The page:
Anxiety, uncertainty, chaos, frustration, career killing…
Among the many words that come to mind about the UCI’s latest cyclo-cross ranking policy update, ‘relief’ is not one that I would choose for a rule that detrimentally impacts the careers of over a thousand athletes worldwide. Yet that headline ran last Thursday when the long-awaited rule amendment was finally announced.
The new UCI policy amendment, as of November 19, 2020, wipes out all ranking points for the start of the 2021-2022 season, except for the 2021 Cyclo-cross World Championships set to take place in Ostend, Belgium, on January 30-31.
It is a blow to individual athletes and national federations, and is an effective self-sabotage of all the hard work the UCI has done to globalise the sport over the last decade. It hurts women, men, veteran racers and developing riders alike. It’s just plain bad policy. But it doesn’t have to be…
To be frank, we’ve bigger things to worry about than bike racing right now. Bigger things than the ranking points cyclo-cross racers earn at said races. Bigger things than the start grid positions that said ranking points determine.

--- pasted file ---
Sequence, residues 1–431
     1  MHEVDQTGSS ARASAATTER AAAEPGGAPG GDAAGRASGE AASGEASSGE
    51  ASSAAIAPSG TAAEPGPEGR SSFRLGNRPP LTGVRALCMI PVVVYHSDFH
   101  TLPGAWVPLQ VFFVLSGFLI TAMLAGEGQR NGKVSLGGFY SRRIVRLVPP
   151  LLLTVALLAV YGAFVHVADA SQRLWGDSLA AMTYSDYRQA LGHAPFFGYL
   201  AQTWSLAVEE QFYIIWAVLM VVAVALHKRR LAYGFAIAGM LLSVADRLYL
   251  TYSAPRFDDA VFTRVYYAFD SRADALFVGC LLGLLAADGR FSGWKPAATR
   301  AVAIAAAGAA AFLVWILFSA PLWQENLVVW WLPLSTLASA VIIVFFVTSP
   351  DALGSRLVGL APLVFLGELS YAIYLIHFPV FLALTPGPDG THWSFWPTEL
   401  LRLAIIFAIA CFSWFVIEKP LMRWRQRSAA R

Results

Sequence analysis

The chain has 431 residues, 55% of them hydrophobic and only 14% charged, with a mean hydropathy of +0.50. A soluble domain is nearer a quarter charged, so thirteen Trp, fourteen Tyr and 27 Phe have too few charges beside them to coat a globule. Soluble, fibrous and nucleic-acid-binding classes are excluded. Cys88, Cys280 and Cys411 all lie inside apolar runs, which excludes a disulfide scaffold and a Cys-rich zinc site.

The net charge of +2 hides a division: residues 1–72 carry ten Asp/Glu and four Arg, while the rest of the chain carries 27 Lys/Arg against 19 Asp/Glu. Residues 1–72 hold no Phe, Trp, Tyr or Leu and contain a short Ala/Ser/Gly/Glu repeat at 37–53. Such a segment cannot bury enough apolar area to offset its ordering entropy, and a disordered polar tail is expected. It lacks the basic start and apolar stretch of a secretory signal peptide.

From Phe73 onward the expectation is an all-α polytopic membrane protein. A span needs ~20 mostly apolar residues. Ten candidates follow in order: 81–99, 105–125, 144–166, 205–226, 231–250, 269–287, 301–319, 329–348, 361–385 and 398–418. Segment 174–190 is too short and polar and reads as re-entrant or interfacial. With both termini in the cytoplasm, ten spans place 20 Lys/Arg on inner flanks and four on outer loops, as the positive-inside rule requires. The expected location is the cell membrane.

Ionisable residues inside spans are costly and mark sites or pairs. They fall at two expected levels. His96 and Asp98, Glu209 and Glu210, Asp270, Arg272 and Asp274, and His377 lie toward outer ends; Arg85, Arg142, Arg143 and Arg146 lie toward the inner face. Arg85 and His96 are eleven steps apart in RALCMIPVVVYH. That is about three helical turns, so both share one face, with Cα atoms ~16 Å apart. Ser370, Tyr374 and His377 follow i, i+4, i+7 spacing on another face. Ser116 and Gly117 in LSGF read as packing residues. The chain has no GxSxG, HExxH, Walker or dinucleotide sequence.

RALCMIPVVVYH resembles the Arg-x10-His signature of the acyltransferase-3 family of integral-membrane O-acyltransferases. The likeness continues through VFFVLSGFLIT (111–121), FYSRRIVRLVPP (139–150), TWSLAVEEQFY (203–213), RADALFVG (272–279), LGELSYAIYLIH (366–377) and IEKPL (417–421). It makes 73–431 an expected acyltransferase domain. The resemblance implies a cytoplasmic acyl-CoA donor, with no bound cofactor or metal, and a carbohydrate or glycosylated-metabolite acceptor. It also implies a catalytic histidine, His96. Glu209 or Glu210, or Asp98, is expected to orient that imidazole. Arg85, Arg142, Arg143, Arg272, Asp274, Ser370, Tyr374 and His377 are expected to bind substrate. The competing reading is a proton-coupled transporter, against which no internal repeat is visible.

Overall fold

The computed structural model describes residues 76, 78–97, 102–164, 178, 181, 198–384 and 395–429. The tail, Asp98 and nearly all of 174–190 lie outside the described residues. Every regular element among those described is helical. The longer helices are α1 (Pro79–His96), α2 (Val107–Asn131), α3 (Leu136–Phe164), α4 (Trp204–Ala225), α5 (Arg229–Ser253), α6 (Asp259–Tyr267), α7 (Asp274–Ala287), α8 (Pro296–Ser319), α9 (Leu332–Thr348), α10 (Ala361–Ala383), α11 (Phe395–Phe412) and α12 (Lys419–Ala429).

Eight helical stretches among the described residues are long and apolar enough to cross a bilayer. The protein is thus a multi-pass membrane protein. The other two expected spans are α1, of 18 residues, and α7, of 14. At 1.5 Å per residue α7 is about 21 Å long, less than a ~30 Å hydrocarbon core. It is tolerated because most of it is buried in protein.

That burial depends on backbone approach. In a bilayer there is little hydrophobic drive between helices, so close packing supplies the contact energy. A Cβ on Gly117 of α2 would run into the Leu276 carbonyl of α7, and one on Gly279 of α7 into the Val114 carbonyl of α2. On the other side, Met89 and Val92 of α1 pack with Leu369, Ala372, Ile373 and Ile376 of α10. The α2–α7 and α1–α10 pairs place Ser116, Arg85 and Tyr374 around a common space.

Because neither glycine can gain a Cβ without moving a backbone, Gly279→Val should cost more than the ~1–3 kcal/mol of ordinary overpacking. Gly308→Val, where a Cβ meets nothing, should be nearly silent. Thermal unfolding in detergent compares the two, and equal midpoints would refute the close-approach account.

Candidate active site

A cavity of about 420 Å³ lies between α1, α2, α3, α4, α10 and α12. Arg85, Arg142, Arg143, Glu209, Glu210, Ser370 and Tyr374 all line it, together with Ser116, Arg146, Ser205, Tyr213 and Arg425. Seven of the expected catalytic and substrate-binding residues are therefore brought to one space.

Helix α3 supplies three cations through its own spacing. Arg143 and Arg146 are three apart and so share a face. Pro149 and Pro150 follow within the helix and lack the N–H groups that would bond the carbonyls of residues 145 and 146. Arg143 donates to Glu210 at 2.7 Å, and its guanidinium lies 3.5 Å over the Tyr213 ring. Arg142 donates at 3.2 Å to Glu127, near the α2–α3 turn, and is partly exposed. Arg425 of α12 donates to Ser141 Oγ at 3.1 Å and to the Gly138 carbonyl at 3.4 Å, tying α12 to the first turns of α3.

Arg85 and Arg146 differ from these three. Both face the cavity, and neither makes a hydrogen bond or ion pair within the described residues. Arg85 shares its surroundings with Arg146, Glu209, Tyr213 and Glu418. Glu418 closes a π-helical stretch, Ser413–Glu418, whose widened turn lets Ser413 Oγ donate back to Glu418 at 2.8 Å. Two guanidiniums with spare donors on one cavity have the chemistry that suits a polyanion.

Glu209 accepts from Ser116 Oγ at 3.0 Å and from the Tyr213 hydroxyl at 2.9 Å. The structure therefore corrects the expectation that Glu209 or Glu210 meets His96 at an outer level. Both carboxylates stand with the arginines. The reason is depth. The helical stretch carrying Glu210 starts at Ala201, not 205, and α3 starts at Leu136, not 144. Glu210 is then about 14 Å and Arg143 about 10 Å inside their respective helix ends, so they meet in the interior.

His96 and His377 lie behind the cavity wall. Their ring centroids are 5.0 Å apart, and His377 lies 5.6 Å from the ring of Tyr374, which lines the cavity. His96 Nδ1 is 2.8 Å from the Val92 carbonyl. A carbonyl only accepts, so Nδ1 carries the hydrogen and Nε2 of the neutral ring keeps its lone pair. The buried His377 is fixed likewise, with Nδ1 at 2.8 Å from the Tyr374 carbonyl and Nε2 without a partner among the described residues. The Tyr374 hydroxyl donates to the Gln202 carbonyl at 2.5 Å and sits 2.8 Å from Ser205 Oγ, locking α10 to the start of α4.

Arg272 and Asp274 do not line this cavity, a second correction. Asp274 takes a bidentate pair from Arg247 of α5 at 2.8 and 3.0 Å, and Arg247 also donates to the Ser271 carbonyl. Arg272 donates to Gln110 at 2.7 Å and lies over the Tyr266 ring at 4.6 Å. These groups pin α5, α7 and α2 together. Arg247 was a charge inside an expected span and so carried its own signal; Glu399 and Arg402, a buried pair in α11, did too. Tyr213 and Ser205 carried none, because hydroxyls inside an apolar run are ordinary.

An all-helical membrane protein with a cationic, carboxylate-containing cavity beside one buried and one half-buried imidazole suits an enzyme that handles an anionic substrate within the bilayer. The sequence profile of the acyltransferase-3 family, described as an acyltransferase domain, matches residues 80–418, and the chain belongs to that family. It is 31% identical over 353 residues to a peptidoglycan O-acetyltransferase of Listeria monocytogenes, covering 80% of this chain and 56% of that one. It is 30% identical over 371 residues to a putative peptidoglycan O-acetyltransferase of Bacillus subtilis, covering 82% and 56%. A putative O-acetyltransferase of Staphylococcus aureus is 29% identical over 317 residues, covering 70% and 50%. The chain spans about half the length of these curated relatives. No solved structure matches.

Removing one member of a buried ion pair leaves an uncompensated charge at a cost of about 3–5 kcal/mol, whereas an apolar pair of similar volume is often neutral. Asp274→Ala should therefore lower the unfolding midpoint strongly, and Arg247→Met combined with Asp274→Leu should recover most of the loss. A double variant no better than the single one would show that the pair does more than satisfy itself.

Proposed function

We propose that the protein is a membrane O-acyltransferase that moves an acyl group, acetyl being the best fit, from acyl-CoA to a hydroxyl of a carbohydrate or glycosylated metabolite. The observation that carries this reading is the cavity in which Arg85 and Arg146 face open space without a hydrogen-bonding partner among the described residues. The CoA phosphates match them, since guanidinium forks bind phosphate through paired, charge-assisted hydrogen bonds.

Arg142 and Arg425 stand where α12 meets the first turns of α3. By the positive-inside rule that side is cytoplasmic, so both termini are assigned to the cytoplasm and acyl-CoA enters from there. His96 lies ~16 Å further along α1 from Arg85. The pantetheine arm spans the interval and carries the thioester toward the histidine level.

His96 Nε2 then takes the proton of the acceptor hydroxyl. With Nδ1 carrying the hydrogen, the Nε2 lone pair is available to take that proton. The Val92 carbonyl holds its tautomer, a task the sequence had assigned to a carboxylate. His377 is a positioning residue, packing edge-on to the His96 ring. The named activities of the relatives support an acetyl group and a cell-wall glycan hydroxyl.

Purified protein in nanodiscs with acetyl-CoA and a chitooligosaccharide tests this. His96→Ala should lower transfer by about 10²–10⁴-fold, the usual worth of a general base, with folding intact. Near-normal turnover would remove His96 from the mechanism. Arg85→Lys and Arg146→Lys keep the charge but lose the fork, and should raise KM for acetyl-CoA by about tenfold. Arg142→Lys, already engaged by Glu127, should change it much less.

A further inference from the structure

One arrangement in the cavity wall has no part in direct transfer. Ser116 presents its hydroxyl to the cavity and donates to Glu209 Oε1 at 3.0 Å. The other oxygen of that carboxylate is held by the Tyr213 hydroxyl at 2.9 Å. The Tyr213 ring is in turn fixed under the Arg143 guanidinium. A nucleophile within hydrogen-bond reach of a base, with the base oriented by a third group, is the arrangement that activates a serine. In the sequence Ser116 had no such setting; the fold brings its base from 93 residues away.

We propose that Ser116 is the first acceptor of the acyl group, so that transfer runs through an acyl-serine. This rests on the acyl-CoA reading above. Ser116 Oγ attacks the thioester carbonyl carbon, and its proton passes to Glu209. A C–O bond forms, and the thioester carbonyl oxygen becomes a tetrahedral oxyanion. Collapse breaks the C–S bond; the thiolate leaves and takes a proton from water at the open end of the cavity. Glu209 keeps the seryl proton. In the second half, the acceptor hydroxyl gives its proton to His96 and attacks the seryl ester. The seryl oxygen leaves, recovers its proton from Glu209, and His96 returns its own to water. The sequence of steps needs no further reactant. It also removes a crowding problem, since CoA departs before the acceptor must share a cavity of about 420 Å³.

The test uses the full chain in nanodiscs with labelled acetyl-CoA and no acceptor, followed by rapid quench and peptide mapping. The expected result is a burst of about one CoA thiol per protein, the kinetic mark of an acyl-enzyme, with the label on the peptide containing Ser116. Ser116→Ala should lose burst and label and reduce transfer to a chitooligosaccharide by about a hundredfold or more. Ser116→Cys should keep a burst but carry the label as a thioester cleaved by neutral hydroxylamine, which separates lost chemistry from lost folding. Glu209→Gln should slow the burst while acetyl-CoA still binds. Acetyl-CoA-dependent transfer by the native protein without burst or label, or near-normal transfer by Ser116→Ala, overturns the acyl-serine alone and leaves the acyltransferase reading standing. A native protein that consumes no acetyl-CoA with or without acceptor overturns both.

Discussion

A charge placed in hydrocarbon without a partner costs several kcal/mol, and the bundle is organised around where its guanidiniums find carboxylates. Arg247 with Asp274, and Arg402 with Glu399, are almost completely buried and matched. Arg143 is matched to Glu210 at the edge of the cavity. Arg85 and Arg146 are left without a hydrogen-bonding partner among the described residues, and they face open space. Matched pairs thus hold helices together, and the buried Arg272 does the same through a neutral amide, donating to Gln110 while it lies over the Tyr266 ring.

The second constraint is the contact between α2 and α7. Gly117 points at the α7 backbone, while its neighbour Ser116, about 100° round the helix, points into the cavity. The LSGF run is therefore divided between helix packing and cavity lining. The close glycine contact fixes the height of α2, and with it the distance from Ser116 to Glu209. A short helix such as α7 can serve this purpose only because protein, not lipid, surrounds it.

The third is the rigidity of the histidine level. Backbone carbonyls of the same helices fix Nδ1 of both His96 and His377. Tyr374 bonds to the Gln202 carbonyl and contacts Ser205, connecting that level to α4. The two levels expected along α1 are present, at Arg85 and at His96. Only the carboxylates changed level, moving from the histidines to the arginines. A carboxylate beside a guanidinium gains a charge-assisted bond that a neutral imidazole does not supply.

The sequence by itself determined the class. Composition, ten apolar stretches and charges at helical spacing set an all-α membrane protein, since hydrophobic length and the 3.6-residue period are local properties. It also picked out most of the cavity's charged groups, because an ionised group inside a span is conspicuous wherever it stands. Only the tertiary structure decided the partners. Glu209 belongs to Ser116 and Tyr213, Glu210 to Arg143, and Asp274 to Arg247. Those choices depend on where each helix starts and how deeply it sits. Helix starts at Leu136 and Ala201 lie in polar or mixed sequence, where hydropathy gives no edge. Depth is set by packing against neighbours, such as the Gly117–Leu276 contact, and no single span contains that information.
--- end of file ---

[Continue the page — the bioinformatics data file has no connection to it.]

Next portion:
The US has set records with 200,000 COVID-19 cases per day in the last week, and a quarter million people have died here. Belgium has been locked down during the latest surge in European COVID-19 cases, though cyclo-cross races still take place thanks to a government decree.
However, the recent policy decision by the UCI now makes us weigh a fabricated numerical assessment of cycling worth against the very real dangers of a global pandemic. This shouldn’t even be a choice we have to consider. That’s not the kind of risky dilemma any official policy should promote.*
Of the 1,152 riders with UCI points and thus an international ranking (605 Elite & under-23 Men and 547 Elite & under-23 Women), only 127 of them, across four races, acquired points at World Championships last year. Of the 180 ranked North American racers, only 23 have points from World Championships.
No, ‘relief’ is not how the majority of racers feel, especially the 1,025 whose results are hosed by the pandemic and subsequent UCI policy. It’s a policy that comes off as cyclo-cross elitist (as contradictory as that term sounds), and leaves blue collar bike racers and working class pros out in the cold.
Of the 1,025 riders wiped from the rankings, around 165 of them, by optimistic estimates, will be North American (USA Cycling is not taking an official under-23 program this year, nor have they come close to filling their Worlds allotments in years past). Of that 165, I will be among the newly rankless. So yes, for the record, I have a stake in this. Yet my decision was made long before November 19, two and a half months into an ever shrinking season, long before the UCI finally released their updated ranking points policy.